(Bloomberg) — Texas businessman Charles Wyly had “no significant life insurance” when he died in a 2011 car crash, leaving his widow insolvent and dependent on family in the midst of a U.S. regulator’s fraud lawsuit against her husband’s estate, bankruptcy records show.
Caroline “Dee” Wyly, 81, exhausted the liquid assets in the estate and can no longer tap the remaining funds to pay for living expenses or litigation, her lawyer said in a filing two days ago in U.S. Bankruptcy Court in Dallas.
The investor’s widow, known in Texas for her philanthropy in education and performing arts, filed a Chapter 11 petition on Oct. 23, citing financial fallout from the Securities and Exchange Commission case against her husband in Manhattan. She isn’t accused of wrongdoing.
“Dee’s income following the death of Charles, while substantial, was completely inadequate to pay the costs of maintaining the assets she now was responsible for,” her lawyer said in the filing. “Dee has managed to continue to pay her expenses only through the kindness of family.”
Caroline Wyly has said she owes at least $101.2 million to the SEC, which in May won a trial against her late husband and billionaire brother-in-law Samuel Wyly. A federal jury in Manhattan found the brothers, who developed companies including the arts and crafts retailer Michaels Stores Inc., hid stock offshore and made illegal trades for 13 years, making $550 million in illegal profit.
Caroline Wyly’s home in Dallas is mortgage-free, and a family residence in Colorado has “significant equity” that can’t be tapped as a result of the SEC litigation, according to the filing. Her family members have loaned or given their assets to her to help her get by, according to the filing.
She said she plans to use the Chapter 11 process to secure a global settlement with the SEC and the Internal Revenue Service, which seeks back taxes from the trades. Caroline Wyly intends to sell her Colorado home if the bankruptcy judge approves, according to the filing.
Details of her finances were included in court filings requesting expedited consideration of several standard requests in Chapter 11, including permission to administer her estate. A judge must approve expenditures after a debtor files a bankruptcy petition. Samuel Wyly filed for bankruptcy in the same court on Oct. 19, citing a need to preserve assets as he and his brother’s estate face a disgorgement order of almost $300 million. SEC lawyers plan to argue at a hearing in New York next month for that amount to be more than doubled.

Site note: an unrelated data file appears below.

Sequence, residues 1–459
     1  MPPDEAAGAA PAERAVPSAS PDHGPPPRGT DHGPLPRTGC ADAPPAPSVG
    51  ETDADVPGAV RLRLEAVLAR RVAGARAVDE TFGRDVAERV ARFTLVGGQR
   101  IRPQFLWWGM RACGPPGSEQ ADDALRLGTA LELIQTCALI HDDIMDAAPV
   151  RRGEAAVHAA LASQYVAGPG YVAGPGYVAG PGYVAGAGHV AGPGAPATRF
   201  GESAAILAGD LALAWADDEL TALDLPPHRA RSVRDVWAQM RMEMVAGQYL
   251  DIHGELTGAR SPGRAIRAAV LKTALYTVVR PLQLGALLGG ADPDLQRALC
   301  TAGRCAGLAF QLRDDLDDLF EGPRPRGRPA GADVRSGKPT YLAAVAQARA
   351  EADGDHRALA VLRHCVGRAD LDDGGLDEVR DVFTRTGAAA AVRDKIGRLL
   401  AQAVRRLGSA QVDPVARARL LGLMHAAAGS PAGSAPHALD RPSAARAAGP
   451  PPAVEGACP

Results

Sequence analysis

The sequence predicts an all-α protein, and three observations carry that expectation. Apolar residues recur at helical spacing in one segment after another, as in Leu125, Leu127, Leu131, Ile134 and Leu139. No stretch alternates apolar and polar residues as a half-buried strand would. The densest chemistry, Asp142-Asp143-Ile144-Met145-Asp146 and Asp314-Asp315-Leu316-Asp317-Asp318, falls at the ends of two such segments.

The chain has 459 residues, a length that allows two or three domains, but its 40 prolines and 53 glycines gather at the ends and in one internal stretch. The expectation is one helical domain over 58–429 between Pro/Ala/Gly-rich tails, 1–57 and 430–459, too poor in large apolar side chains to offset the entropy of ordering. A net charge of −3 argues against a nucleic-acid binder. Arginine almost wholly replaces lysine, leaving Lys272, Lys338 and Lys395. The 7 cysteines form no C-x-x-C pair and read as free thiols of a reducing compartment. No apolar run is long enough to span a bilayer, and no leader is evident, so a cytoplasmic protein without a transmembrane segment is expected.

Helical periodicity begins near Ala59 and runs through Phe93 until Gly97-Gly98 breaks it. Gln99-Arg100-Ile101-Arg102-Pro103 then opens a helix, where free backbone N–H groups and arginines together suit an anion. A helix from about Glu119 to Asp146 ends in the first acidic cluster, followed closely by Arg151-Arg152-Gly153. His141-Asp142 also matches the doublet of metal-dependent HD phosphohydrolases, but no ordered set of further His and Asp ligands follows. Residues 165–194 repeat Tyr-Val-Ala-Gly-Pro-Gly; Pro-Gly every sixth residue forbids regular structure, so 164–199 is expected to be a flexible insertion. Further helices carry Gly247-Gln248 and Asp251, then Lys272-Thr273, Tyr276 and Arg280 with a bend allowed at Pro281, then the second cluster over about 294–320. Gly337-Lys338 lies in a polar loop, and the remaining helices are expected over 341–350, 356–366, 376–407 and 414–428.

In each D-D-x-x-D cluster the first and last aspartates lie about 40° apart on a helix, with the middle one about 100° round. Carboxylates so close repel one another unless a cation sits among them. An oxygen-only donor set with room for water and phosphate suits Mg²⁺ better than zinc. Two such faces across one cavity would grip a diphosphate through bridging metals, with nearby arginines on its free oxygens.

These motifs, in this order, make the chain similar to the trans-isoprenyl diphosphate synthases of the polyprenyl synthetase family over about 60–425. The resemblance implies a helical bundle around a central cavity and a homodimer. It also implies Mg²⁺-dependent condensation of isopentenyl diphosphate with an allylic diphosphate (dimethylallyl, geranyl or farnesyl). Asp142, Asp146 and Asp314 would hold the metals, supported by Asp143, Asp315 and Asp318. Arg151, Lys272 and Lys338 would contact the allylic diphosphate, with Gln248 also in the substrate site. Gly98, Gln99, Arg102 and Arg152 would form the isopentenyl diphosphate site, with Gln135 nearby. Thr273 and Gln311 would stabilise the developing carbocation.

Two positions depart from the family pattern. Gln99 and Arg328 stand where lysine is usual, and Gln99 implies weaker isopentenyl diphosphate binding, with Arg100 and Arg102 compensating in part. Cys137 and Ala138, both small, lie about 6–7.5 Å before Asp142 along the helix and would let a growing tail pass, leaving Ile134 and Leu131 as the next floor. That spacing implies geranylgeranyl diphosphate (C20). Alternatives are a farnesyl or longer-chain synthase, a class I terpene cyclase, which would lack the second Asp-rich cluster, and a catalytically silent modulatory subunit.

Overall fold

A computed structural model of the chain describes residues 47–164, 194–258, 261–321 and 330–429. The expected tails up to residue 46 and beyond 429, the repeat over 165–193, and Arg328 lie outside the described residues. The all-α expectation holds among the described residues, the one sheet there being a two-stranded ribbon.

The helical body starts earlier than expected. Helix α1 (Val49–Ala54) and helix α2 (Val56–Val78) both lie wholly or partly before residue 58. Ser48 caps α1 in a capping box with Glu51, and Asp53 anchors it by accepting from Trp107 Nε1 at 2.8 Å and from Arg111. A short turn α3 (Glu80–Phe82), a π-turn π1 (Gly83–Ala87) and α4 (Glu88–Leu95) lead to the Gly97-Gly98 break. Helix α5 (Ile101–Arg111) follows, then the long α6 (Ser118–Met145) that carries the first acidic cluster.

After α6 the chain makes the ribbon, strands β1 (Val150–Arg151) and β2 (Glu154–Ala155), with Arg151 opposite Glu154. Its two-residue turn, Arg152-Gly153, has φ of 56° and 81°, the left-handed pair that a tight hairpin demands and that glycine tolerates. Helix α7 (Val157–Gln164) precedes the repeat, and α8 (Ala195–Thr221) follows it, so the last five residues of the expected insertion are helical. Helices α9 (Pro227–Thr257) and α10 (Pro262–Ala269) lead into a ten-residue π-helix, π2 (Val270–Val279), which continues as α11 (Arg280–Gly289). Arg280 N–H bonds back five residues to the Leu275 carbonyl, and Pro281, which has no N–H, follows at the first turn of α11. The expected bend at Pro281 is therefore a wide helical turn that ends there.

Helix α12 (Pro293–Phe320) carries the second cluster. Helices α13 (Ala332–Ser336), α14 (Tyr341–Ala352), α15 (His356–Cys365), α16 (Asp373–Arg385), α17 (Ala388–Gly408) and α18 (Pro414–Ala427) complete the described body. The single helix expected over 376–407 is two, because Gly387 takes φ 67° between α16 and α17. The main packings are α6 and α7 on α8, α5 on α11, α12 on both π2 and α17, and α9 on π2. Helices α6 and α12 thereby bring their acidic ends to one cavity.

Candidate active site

U.S. District Judge Shira Scheindlin, who oversaw the civil trial, last week expressed frustration with the bankruptcy filings, saying they won’t block the SEC’s case against the Wylys from going forward. Scheindlin also said she will temporarily freeze the Wylys’ assets.
Such a freeze would threaten Caroline Wyly’s late husband’s estate in violation of U.S. bankruptcy law, which automatically puts litigation on hold, she said in her Oct. 26 court filing. Both Wylys have been negotiating with the agency on the details of such a freeze, Caroline Wyly said.
Samuel Wyly wrote to Scheindlin yesterday to say the SEC’s proposed asset freeze included elements he had objected to in negotiations, including a provision allowing the agency to serve the order on his banks. Sending that to the banks would complicate Wyly’s finances in bankruptcy and cause a “serious risk” to his estate, he said.
“The SEC’s refusal to include our provision again reflects an attempt to exercise control over bankruptcy estate property to aid collection of its own pecuniary claim,” his lawyer, Josiah Daniel, said in the letter.
A lawyer wrote Scheindlin yesterday on behalf of several Wyly family members, arguing against the asset freeze sought by the SEC.
A freeze might harm innocent third parties, said David Kornblau, a lawyer who represents Cheryl Wyly, Samuel Wyly’s wife; his son Evan; and Martha Miller, a daughter of Charles Wyly. Wyly family member might find that their assets were affected by the SEC’s actions if an automated teller machine rejects their bank withdrawal request or their household utilities are cut off, he said.
“The proposed order would effectively give a government agency unfettered power to freeze all assets of its choosing held by any of over 40 innocent children, spouses of children, grandchildren and great-grandchildren of all ages,” Kornblau said in the letter to Scheindlin.
Scheindlin has scheduled a Nov. 17 hearing in the case.
The bankruptcy cases are Caroline D. Wyly, 14-bk-35074; and Samuel E. Wyly, 14-bk-35043, U.S. Bankruptcy Court, Northern District of Texas (Dallas). The SEC lawsuit is SEC v. Wyly, 10- cv-05760, U.S. District Court, Southern District of New York (Manhattan).